The Key Distribution Service discussed in FC-GS-3 will provide a method for secure distribution of public and private keys in a storage network used for authentication, similar to a KDC (Kerberos Distribution Center) in IP networks. The security key server in the storage network would use a level of encryption to protect the keys and underlying protocols for verification purposes. By using a key server, data would be signed, providing a secure means of authenticating the original node as well as verifying the data was not modified during transit. This method of using a key server is often referred to as CT ( Common Transport ) authentication .
CT authentication is the process of authenticating requests between a client and a server. The CT authentication mechanism creates a hash based on an algorithm and secret key to represent the message signature associated with the sender. The hash is transferred as an extended preamble to the receiver. Upon receiving the hash, the receiver computes the hash before authenticating it, using the same algorithm and secret key, to make sure the hashes match.
The key server in the storage network would contain a copy of each nodes unique distribution key. The key server would then authorize the security connections between two nodes and would generate a key to use for authentication. This authentication key is then used by one node to authenticate to the other node. The single point of failure in the specification is the key server. If the key server does not contain the proper amount of security, the authentication model that the key server supports cannot be considered secure. Figure 25-4 shows an example of an authentication procedure using FC-GS-3.
A practical example of FC-GS-3 would be the authentication of a World Wide Name (WWN) of an HBA in a storage network. In the Fibre Channel SAN Security section of this chapter, the security problems of WWN are discussed. It would not be best practice to use a WWN as the sole entity for authentication. The process of using FS-GS-3 to identify HBAs uniquely would allow the use of WWN without concerns of spoofing or replay attacks being performed successfully. Since WWNs are not reliable as a secure means of host identification, using a key server will minimize the risk of spoofing or session hijacking and allow the use of WWN with an acceptable level of integrity in the authentication process.
Currently, many switch vendors, such as Brocade and McData, are using a hybrid of the FC-GS-3 specification by using switch-to-switch key authentication. In this approach, each switch contains a unique key to authenticate to another switch. Instead of using a third key server device, the two nodes are directly authenticated to each other using their own keys. While this approach may not be as secure as having a key server, it does prevent a variety of attacks, primarily the ability for a rogue switch to take control of a given fabric, its simple name server, and its zoning architecture.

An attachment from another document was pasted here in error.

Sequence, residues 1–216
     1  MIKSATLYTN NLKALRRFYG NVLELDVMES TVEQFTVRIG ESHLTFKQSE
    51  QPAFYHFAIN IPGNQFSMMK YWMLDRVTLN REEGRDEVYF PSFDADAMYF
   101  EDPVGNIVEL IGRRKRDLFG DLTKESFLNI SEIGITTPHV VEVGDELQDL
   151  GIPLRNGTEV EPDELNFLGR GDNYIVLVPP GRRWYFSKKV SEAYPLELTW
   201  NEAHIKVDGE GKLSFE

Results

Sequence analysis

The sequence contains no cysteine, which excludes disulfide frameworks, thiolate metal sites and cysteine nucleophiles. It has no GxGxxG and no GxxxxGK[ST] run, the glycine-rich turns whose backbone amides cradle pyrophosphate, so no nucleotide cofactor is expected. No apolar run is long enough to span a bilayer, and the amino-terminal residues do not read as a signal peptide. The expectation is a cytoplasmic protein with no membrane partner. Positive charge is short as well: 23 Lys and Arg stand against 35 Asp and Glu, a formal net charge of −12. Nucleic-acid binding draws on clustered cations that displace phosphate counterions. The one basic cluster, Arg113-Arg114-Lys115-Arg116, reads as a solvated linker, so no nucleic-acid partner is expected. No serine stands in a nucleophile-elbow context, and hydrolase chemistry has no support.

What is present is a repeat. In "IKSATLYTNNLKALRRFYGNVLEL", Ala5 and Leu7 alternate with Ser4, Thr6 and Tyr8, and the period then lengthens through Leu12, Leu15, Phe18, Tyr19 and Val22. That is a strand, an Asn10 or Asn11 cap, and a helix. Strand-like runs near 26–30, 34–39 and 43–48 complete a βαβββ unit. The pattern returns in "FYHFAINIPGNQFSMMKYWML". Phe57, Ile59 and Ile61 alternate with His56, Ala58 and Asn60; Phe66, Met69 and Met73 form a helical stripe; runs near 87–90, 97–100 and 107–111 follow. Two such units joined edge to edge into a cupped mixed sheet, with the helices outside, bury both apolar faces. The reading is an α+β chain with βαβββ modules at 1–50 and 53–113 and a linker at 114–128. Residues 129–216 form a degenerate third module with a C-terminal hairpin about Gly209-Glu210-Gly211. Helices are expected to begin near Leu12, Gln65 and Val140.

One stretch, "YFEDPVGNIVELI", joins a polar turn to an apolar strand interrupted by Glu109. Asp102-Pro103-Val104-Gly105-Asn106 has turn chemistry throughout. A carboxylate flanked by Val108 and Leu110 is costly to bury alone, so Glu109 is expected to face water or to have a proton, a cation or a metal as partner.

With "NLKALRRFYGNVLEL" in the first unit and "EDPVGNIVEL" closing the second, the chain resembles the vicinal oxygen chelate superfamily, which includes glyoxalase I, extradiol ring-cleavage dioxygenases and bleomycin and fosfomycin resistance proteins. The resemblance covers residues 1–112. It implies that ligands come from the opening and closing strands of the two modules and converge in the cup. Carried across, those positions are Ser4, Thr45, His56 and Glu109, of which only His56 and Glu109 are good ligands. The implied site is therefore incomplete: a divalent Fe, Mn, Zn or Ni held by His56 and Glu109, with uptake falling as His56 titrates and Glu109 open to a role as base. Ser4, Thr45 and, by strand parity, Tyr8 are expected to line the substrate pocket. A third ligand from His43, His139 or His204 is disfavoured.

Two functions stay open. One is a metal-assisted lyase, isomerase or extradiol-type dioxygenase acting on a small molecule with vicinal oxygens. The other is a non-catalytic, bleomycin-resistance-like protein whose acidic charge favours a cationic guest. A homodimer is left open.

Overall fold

Two-factor authentication for key applications, such as storage management applications, is becoming a significant requirement for protecting storage networks. The fact that storage management applications can subvert the majority of other security controls within the storage environment makes the management applications a significant target for most attackers .
Currently, many management applications rely on a username/password combination for authentication. As best practice, a single username and password should not be the only security entity protecting a storage network. For example, an unauthorized user should not be able to plug into a network with his favorite backup program and successfully manage storage agents because he was able to guess the username/password combination or spoof an IP address.
Requiring more than a username and password or an IP address for authentication is possible. To address this issue, certain vendors have included a second level of authentication within the management application itself. These management applications use public and private keys for authentication with authenticated Secure Sockets Layer (SSL) or Kerberos technology to mitigate some of the exposures described so far. Therefore, if an unauthorized user has plugged into the network and successfully guessed a password or spoofed a management IP address, the attackers rogue backup software would not be able to gain access to the storage agents since a second level of authentication is required. The second level of authentication required from a client application to the server application and/or agents could use tokens, digital certificates, Kerberos tickets, public keys, or other forms of security. This type of application design may utilize usernames/passwords and IP addresses, but it also utilizes credentials implicit in the client application to authenticate to the server and/or storage agents.
Tokens, digital certificates, Kerberos tickets, and public keys can be used for authentication. All these security entities can be delivered digitally to authenticate a sending node to a receiving node, such as storage management software, in place of or in addition to username/ password authentication.